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This is what actual science says about kids and COVID-19

As schools begin their fall curriculum (either via distance learning, in-person or a combination of both), NBC News’ health editor, Dr. Madelyn Fernstrom, looks at the latest studies regarding children and coronavirus.
Arizona Schools Reopen With In-Person Learning Amid Pandemic
A sign displayed in a classroom illustrates safety protocols to help curb the spread of Covid-19 at an elementary school in Surprise, Ariz., on Aug. 20, 2020.Cheney Orr / Bloomberg via Getty Images

Like so much of the research around COVID-19, what we know about how the disease affects children and teenagers continues to evolve. Because this is a virus that has infected people for less than a year, the news is continuously changing, and the long-term effects remain a question mark. As a parent, grandparent, teacher or caregiver, that can feel frustrating, but remember it’s a learn-as-you-go approach.

As schools begin their fall curriculum (either via distance learning, in-person or a combination of both), here’s a look at the most recent data:

Can children and teens spread COVID-19?

We don’t have definitive information about virus transmission in kids and teens yet. Early on in the pandemic, scientists thought children were rarely affected. While several small preliminary studies suggested less transmission of the virus from child to child (especially between younger children), a recent larger study out of South Korea shows age appears to make a big difference.

Studies show older children are just as likely to transmit the virus as adults, while younger children are about half as likely. While it’s not yet know why this is so, it does not appear to be explained by younger children carrying less of a viral load, so less likely to be contagious. Another recent study showed that younger children have similar viral loads to adults.

And while all symptomatic children are infectious, it’s still unclear whether or to what extent children without symptoms can spread the virus.

Children’s COVID-19 symptoms

An estimated 90 percent of children and teens who test positive for the virus have no or mild symptoms. Children’s symptoms are similar to adults, but they tend to be much milder and more cold-like. The most typical symptoms include fever, cough, runny nose, fatigue, muscle aches, and sometimes vomiting and/or diarrhea.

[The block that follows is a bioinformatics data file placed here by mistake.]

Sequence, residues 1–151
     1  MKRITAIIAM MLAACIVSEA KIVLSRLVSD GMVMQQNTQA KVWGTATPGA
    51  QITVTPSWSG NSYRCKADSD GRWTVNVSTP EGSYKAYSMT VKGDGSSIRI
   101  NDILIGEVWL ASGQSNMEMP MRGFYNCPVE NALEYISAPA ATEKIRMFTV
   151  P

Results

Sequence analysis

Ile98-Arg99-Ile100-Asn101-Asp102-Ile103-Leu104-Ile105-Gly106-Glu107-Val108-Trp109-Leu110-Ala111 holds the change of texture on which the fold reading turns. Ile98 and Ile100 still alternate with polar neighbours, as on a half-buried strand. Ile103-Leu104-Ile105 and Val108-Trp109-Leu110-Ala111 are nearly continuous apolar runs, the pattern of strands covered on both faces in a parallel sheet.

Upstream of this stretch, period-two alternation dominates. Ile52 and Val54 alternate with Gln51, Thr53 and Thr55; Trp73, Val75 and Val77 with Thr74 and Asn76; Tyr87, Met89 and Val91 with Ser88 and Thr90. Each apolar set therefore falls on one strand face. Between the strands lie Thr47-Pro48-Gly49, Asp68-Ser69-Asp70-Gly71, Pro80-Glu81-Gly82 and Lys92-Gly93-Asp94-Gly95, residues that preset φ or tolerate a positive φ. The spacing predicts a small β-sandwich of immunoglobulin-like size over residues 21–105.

Most children recover within one to two weeks, but long-term effects are still relatively unknown given the newness of the virus.

When to seek immediate medical care for your child

According to the CDC, if you see any of the following symptoms, it’s important that you immediately seek medical care.

  • Prolonged fever for more than 5 days
  • Trouble breathing or catching their breath
  • Inability to keep down liquids
  • New confusion or inability to awaken
  • Bluish lips or blotchy blue or pale skin discoloration
  • Lethargy and extreme fatigue
  • Rapid heart rate

Ways to reduce risk in children

The same precautions for adults apply to children, including:

  • Social distancing by 6 feet
  • Wearing a mask (except for children under 2)
  • Washing hands for at least 20 seconds with soap and water
  • Keeping hands away from eyes, nose, and mouth (a tough habit to learn)

Risks for kids with pre-existing conditions

Certain medical conditions put kids and teens at higher risk of contracting the virus and developing complications. Those with asthma may have more severe symptoms. Poorly controlled diabetes weakens the immune system, making a child more vulnerable to infection. And those with obesity (with or without associated co-morbidities) are also at higher risk for contracting the virus.

A rare complication from COVID-19: MIS-C

A serious condition related to COVID-19 has been identified in a few hundred children across the country, and garnered attention from news outlets early on. Multisystem Inflammatory Syndrome in Children (MIS-C) can send the body into a state of shock and organ failure. Developing about two to six weeks after COVID-19 infection, MIS-C requires immediate medical help as symptoms can become serious quickly.

Madelyn Fernstrom, Ph.D. is the NBC News’ health Editor. Follow her on Twitter @drfernstrom.